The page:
What Your Reaction To The Digital Apocalypse Says About You

So, how did you survive the social media blackout?

Social media apps in a black corona

by Radhika Sanghani |
Updated on

I was on a train from Cornwall back to London when it happened. It was 5.30pm, the sky was grey, and the smattering of rain reflected my mildly sad mood. Nobody was replying to me on WhatsApp – not even my neighbour, and I’d sent her a four-minute voice note trying to help her with boy drama – and hardly anyone was engaging with my Insta stories even though I’d tried to be funnier than usual. I was so despondent I decided to refresh my emails.

That was when everything made sense. There, at the top of my inbox was a newsletter from my astrologer Francesca Oddie. The first line? ‘Trickster Mercury Retrograde has taken down Instagram, WhatsApp and Facebook.’

A quick Google proved she was right. All three major social media platforms were down. Like the entire world, I went straight onto Twitter to check that this was the case. And like the entire world, I felt seen by memes reassuring me that everyone felt as lost as I did.

It’s obviously laughable how much a social media outage has affected us (my favourite meme is: ‘I survived the Instagram/WhatsApp blackout of 2021’) but it did make me really think about my relationship with my phone. When I realised no one was replying to me because they actually couldn’t, I felt real relief. So often when I post on my socials, or even reach out to certain people on WhatsApp, I feel exposed and vulnerable – until the validating likes and messages start coming in. Sometimes it even makes me feel anxious.

But without the potential for any responses, I felt lighter. Freer. In a way I haven’t since 2007 before I had a smartphone. I had zero expectations from my phone, and so there was no need to look at it. The problem was that it felt so weird to not refresh Instagram that I found myself doing it even though it was dead. I told myself it was because I wanted to check if it had come back to life yet, but I think the truth is, it’s just a habit I can’t let go of.

I felt how I imagine people used to feel in the 90s: relaxed, content and mildly bored.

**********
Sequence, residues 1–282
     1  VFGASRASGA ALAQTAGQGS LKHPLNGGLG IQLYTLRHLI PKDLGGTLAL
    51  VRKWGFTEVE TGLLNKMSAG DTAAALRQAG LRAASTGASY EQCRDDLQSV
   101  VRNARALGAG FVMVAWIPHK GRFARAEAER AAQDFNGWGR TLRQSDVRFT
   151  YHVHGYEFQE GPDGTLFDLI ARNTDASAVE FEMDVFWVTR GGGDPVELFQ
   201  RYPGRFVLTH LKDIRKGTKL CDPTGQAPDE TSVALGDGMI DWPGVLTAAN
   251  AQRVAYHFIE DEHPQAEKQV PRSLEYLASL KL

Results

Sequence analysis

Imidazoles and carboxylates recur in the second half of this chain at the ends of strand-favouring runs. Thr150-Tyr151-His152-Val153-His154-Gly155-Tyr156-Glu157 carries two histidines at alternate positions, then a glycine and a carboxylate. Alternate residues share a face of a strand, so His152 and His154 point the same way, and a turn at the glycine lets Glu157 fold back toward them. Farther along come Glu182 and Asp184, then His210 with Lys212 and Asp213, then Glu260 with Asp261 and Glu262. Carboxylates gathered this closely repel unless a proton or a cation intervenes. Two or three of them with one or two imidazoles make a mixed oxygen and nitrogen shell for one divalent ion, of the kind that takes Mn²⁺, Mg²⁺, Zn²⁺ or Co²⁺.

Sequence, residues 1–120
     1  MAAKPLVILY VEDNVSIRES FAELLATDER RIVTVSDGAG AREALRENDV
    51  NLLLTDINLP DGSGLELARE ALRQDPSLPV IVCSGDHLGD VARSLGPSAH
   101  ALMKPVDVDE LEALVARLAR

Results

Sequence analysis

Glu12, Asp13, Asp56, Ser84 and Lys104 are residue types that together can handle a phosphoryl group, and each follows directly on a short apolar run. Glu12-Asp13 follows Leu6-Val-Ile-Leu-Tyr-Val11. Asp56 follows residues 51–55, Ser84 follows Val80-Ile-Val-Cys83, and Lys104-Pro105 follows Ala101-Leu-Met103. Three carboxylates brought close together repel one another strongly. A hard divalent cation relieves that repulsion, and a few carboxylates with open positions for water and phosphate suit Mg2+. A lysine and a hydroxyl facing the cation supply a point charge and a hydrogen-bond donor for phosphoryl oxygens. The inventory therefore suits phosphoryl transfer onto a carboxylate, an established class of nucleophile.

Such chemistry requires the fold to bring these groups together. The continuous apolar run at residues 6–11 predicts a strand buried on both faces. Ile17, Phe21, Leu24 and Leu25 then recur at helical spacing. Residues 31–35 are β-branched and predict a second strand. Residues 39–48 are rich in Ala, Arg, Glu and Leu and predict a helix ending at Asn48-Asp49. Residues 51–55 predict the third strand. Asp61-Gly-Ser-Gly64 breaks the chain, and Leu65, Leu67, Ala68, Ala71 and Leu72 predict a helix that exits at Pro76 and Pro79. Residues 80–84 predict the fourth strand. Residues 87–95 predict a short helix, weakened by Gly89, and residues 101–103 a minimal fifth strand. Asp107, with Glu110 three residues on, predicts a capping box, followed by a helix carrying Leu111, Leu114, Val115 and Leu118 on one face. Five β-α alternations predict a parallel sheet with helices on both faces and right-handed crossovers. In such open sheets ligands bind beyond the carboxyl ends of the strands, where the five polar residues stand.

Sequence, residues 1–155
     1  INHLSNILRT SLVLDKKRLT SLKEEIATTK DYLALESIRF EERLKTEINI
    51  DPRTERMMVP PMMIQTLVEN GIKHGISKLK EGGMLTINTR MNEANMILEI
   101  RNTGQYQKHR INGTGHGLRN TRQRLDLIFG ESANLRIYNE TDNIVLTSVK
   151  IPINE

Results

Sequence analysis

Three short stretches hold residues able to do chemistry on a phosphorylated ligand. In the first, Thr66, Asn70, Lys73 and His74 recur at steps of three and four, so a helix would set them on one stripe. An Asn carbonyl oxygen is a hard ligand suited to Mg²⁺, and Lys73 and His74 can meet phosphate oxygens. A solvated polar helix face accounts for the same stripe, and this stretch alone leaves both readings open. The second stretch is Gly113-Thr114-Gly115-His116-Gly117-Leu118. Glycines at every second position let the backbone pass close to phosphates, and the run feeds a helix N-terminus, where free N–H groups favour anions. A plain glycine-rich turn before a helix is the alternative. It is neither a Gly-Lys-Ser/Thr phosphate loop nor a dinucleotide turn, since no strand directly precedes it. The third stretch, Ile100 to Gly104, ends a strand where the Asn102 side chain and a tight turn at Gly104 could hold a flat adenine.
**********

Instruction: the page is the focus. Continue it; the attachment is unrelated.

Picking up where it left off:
So, I kept pressing refresh and I kept seeing the same post I’d already liked pre-blackout – an inspirational quote from Jay Shetty that was meant to make me feel better about being single, but actually just made me miss my ex. Part of me started to wonder if the universe had made the blackout happen just so I could keep seeing this quote and finally get the message.

As the six-hour outage went on, and I made my way back home, things started to feel better. I got used to being Insta- and WhatsApp-free, to the point where I stopped checking to see if my socials were back. I left my phone in another room while I watched TV – something I don’t think I’ve done for at least a year – and let myself get fully absorbed in The White Lotus finale (except for the very end, when I iMessaged a friend my thoughts). I felt how I imagine people used to feel in the 90s: relaxed, content and mildly bored.

A few hours in, I started to forget Instagram even existed. It made me realise I’d probably be much happier if I deleted these apps from my phone. I wouldn’t compare myself to others so much, I’d be more present in the moment, and I’d have so much more time – time I normally waste scrolling through Insta.

At 10pm, I got into bed and fell asleep to a podcast without even thinking about social media. I was peaceful and happy. And I still was when I woke up a solid 10 hours later. Until I suddenly remembered that my social media was probably back and I had contact to catch up on. The second I grabbed my phone, I felt the familiar excitement at seeing dozens of green notifications on Whatsapp, and red arrows on Instagram. I was BACK.

It is not the happy ending I wanted – and my mental health is probably craving – but it’s real. I am a relaxed, freer person without social media, yes. And yet it is so integrated into my life that giving up is quite simply not an option. So please do feel free to like this when I share it on my Insta.

What your reaction to the outage says about you:

‘Wait, they were all down? I didn’t notice.’

Congratulations, you’re a healthy, happy human being. You didn’t need this quiz to tell you this – you’re probably too busy doing yoga to even read all the way down – but you’re so well-adjusted that you barely check Insta. Your phone is something you use out of necessity rather than addiction. We all want to be you.

**‘WHY IS THIS HAPPENING?!' **_Spends all night on Twitter_

Are you an influencer? Or are you just obsessed with following influencers? Either way, you spend too much time on social media. Consider taking up a hobby that forces you to spend time with actual human beings in person.

‘Is it wrong that I’m kind of enjoying this?’

You use social media religiously, but you probably don’t actually enjoy it. You’re just stuck in a habit of refreshing your phone. The outage has shown you another way – a happier way. You could use this as an opportunity to delete your apps. But you’ll probably just keep going, only now you’ll feel guilty every time you refresh Insta.

READ MORE: So, How Much Money Did Facebook Lose After Yesterday's Outage?

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